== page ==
A curse is on you, for you build monuments to the prophets your ancestors killed. So you approve and agree with what your ancestors did. Is it not so? They got rid of the prophets, and you build monuments to them! For that reason the wisdom of God also said: I will send prophets and apostles and these people will kill and persecute some of them. But the present generation will have to answer for the blood of all the prophets that has been shed since the foundation of the world, from the blood of Abel to the blood of Zechariah, who was murdered between the altar and the Sanctuary. Yes, I tell you, the people of this time will have to answer for them all. A curse is on you, teachers of the law, for you have taken the key of knowledge. You yourselves have not entered, and you prevented others from entering.” As Jesus left that place, the teachers of the law and the Pharisees began to harass him, asking him endless questions, setting traps to catch him in something he might say.
One of the high points of a holiday like Thanksgiving Day or of a feast day like Christmas is when the extended family all gather together around the clan’s grandparents. When the latter see all their children and grandchildren united together in love and harmony, their joy knows no limit. And this is indeed the dream of all parents: to have their children gather around them in a circle of love. Well, God our Father has the same dream, as we learn from today’s first reading, where we hear Paul say: “In Christ and under Christ, God wanted to unite, when the fullness of time had come, everything in heaven and on earth.”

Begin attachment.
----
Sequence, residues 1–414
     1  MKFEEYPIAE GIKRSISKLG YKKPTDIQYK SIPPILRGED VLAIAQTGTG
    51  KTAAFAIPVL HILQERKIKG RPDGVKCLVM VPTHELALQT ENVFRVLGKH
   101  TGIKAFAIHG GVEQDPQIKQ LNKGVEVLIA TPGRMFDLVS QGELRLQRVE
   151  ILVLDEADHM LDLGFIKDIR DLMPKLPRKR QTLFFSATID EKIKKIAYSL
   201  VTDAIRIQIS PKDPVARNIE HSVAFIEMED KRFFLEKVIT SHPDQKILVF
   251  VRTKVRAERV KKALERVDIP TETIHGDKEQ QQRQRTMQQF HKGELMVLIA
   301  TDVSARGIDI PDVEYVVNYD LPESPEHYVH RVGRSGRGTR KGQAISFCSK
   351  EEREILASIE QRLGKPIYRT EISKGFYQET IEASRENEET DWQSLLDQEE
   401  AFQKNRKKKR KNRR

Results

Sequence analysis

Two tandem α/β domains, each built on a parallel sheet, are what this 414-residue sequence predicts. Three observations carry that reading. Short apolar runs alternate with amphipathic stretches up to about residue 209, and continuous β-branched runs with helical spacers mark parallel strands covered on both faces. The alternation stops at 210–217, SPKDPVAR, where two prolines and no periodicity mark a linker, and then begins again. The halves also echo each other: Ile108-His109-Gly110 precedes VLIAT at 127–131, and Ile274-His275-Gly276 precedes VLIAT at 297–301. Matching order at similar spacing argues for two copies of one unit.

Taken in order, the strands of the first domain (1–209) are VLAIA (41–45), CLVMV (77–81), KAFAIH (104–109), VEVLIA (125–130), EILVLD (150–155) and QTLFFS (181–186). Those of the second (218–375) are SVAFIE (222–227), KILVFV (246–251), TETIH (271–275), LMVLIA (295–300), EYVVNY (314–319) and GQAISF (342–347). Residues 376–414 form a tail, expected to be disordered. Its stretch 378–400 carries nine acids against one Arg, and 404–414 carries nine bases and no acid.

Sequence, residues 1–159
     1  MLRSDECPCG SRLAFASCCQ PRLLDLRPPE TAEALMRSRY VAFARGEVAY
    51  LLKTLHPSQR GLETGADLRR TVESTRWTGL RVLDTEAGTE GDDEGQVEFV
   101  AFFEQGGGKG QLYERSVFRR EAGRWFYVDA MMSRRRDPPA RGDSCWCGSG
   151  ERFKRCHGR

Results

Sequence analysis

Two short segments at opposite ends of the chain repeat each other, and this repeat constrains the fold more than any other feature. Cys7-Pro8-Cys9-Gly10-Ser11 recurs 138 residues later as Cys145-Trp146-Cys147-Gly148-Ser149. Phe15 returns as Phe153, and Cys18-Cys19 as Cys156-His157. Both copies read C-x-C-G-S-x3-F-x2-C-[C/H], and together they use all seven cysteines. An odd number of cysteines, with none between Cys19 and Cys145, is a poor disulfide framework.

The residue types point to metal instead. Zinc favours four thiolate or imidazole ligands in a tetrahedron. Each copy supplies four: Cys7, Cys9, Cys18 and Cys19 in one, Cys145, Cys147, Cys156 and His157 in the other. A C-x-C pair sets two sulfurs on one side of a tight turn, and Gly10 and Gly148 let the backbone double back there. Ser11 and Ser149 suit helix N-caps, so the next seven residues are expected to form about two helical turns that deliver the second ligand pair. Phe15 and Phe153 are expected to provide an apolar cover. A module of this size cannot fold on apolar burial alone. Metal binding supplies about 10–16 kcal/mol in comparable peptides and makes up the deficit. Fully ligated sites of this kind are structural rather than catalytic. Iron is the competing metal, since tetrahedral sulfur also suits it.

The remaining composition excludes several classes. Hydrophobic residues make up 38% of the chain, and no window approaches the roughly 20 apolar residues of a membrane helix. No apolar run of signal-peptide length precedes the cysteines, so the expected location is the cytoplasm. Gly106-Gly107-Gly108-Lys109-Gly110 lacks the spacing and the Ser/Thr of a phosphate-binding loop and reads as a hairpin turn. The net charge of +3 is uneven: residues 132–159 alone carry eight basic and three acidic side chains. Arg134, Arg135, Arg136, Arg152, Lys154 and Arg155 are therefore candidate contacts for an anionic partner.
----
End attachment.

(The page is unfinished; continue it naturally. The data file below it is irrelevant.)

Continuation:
Yes, that is God’s dream. And, if we look back on human-kind’s evolution over the past ten thousand years or so, we see a progressive formation of bigger and bigger groups of humans gathered together: towns becoming cities, cities becoming nations, nations becoming empires, empires becoming the United Nations. And, parallel to this movement, inventions help to unite us: printing press, steamship, locomotive, telegraph, telephone, television, cellphone, etc. It looks like we will indeed eventually be united around Christ forever under the loving care of the Father…